Finally, the warm days of summer would arrive. We kids found lots of entertaining ways to busy ourselves, and never let Mom catch us loitering. The word "bored" never crossed our lips or she would put a hoe in our hands, and send us directly to the garden to work in the hot, blistering sun.
We lived in swimsuits with shorts pulled over the top as we rode our rickety bikes, or ran barefoot on hot pavement from one neighboring farm to the next playing with friends.
Meeting up with pals, we usually floated down the irrigation ditch with various water snakes passing us by, or jumped off the top fence rail onto an unsuspecting horse to ride bareback across the fields. We returned home only when hungry, but rarely let Mom know we were around. Unbeknownst to her, a saltshaker was kept in the barn to season stolen delicacies from her garden-rhubarb, sun-ripened tomatoes, or fresh peas. During quiet moments, we kids sat beneath shady elms in the front yard, peeling dried strips of skin from each other's sunburned backs.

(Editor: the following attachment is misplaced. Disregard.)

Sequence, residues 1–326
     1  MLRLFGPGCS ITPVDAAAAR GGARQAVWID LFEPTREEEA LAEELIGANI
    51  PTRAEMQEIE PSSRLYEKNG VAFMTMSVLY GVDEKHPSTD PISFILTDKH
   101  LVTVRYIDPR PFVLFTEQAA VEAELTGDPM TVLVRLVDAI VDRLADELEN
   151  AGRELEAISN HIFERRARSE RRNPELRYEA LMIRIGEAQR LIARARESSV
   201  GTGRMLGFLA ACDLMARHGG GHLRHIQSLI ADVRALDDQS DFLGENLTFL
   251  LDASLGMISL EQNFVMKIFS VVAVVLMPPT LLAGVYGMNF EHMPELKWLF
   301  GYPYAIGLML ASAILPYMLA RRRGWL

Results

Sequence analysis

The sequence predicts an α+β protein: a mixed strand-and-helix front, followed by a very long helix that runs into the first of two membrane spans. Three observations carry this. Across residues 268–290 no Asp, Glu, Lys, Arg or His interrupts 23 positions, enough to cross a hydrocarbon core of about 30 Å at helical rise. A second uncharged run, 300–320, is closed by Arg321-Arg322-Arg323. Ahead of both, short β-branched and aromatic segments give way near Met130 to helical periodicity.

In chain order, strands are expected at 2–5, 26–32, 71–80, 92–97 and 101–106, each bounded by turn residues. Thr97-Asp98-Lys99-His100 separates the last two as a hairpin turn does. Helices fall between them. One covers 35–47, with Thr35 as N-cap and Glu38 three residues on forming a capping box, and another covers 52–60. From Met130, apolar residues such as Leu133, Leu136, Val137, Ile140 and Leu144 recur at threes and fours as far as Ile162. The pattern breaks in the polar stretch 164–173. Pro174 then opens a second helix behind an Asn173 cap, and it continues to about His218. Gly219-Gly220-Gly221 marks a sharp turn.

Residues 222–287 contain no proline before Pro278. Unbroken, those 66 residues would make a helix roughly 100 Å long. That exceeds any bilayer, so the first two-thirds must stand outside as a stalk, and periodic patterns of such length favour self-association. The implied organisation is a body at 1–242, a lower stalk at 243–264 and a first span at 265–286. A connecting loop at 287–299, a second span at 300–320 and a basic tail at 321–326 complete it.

Those were the carefree days of country living we still reminisce about at family gatherings. Times were tough but we youngsters had no real concerns. I only wish today's youth had it as GOOD as we did on a little farm in Twisp, Washington back in the nineteen fifties. Granny Tam

Check out this poem I chose to depict one of our chores in the "Good Ol' Days!"

***************************************

farmer holding chicken
PICKIN' CHICKENS

I know there ain't a worse job,
nor anything more stinkin',
pickin' chickens on a fall day-
it could drive a man to drinkin'.

If ya don't know of the how to,
an' you're wonderin' at my meanin',
I'll describe here what we're doin'-
fruits of labor that we're gleanin'...

Ya sneak out to the hen house
 in wee hours while they're roostin',
an' grab those bony feet,
give their bodies quite a boostin'.